The Nevada attorney general's media office did not return a call for comment Thursday.

The Bee's investigation, published last month, found that Southern Nevada Adult Mental Health Services paid to bus roughly 1,500 patients out of southern Nevada since 2008. About 500 of those patients were sent to California.

The practice came to light after one of Rawson-Neal's patients, James Flavy Coy Brown, turned up suicidal and confused at a Sacramento homeless services complex in February. Brown, 48 and suffering from schizophrenia, had been living in shelters in Las Vegas for years.

He was discharged from the psychiatric observation unit at Rawson-Neal to a Greyhound bus bound for Sacramento, a place where he knew no one and had never visited. He said Rawson-Neal staffers told him to call 911 when he arrived.

With the help of Sacramento police and social services workers, he ended up in the UC Davis Medical Center emergency room, where he lingered three days before social workers found him temporary housing.

In their letter to Nevada's attorney general, the city attorneys and county counsels said they did not believe Brown's case was isolated.

"Our own investigations, although still in preliminary stages, have confirmed that Nevada's practice of transferring mental patients to California without an escort and without prior arrangement for an institution or responsible person to receive the patient, is more widespread than the single instance of Rawson-Neal patient James Flavy Coy Brown's transportation to Sacramento," the letter says.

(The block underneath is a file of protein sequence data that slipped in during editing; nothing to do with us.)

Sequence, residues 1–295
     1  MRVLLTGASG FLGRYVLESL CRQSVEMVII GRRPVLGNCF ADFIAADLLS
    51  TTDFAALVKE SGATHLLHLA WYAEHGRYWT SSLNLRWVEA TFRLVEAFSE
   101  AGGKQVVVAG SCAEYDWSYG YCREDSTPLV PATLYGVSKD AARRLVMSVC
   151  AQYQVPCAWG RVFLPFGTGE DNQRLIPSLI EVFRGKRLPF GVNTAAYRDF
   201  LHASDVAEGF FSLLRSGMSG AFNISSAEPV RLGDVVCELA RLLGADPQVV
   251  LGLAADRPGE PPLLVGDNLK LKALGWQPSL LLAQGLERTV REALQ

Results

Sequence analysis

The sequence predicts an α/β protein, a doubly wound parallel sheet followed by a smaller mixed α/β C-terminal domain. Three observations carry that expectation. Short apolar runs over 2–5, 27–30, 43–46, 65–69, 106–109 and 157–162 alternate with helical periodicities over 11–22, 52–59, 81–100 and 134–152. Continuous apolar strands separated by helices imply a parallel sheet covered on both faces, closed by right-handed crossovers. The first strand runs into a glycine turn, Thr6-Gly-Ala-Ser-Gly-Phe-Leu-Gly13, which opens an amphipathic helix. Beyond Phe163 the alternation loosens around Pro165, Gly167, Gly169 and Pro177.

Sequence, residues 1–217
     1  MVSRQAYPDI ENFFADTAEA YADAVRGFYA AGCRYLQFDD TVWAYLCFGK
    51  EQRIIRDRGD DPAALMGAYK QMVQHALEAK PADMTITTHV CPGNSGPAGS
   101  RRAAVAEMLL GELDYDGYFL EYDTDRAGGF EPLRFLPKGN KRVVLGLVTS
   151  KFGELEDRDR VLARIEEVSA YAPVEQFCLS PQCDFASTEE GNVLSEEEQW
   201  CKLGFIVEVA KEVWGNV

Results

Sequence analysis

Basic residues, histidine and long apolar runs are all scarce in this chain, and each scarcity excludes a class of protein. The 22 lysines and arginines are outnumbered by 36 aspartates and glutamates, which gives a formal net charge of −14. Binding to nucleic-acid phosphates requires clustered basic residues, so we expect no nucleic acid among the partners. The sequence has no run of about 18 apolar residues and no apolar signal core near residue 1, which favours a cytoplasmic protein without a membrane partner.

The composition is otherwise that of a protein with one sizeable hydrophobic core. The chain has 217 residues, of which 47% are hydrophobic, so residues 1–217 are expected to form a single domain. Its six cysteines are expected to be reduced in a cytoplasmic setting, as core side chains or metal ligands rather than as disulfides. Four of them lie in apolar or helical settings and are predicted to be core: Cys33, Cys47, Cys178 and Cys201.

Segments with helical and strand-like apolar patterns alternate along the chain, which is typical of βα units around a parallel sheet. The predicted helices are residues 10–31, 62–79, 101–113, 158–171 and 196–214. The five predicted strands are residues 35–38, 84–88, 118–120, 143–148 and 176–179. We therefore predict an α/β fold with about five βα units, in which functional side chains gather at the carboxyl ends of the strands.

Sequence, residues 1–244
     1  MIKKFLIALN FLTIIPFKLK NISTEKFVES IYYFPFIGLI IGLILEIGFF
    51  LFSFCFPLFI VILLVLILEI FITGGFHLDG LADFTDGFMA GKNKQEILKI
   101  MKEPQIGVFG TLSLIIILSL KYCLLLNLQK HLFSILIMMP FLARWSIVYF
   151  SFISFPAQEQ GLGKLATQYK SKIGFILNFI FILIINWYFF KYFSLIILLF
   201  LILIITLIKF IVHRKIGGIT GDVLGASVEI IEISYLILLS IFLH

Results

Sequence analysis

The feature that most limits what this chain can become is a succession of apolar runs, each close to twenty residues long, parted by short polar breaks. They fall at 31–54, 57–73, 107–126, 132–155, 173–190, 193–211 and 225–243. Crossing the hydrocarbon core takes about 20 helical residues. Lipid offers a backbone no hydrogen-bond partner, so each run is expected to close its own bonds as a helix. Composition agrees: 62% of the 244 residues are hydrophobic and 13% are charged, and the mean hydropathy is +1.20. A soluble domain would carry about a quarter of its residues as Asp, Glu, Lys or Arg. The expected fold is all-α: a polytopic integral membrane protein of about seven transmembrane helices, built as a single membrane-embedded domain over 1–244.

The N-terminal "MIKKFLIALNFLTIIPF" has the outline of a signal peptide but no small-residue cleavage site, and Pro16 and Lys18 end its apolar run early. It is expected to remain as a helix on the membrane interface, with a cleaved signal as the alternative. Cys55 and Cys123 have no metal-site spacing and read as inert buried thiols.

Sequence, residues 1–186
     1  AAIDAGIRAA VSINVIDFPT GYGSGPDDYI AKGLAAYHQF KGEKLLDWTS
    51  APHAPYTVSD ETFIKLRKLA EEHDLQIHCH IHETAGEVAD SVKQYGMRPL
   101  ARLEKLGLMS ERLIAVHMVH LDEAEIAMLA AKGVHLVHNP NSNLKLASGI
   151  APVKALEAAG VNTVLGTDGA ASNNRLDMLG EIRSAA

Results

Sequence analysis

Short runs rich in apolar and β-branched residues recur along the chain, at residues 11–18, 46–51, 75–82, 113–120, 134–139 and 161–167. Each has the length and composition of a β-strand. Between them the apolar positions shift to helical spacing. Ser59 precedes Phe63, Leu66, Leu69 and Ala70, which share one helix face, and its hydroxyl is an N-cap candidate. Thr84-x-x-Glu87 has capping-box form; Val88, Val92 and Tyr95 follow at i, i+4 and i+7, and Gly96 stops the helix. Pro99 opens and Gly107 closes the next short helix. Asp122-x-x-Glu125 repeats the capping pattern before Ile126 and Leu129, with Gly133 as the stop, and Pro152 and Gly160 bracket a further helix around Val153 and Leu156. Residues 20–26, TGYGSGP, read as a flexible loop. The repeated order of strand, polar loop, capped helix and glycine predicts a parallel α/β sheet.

In an interview, Sacramento's city attorney questioned the notion of busing seriously ill patients across the country alone, citing concerns from both a "humanitarian and financial resources" perspective.

"If other entities are shipping individuals to California in an inappropriate manner and shifting the financial burden of their care to another jurisdiction, that needs to be addressed," he said.

"Was this a pattern that turned into a policy of neglect, and of disregarding the rights of those they were serving?" asked Sanchez. "That's what we need to know."

A review of Greyhound bus receipts purchased by Southern Nevada Adult Mental Health Services showed Rawson-Neal had bused 19 patients to Sacramento since July 2008. More than 200 were sent to Los Angeles County, and 36 to San Francisco in that time period.

After defending the unusual busing practice for weeks, Nevada health officials changed course last week, announcing that all patients bused out of state will now be accompanied by an escort.

This week, they announced the results of an internal investigation that they said found that 10 of the patients bused out of state in the past five years may have been sent improperly without "a support system" at the other end. Two employees at Rawson-Neal were fired and three others disciplined in response to those findings.

In their letter to Cortez Masto, Sanchez and the others said they want to know more about the hospital's new discharge policy.

They wish to learn the "scope of the new patient transfer policy," to make sure that patients have guaranteed care and housing waiting for them when they arrive in California, the letter said.

If the attorneys are not satisfied with the answers provided by the attorney general and other agencies, Sanchez said, "we have further recourse," including filing a request for a court injunction or a lawsuit to recover damages.

Call The Bee's Cynthia Hubert, (916) 321-1082. Follow her on Twitter @cynthia_hubert.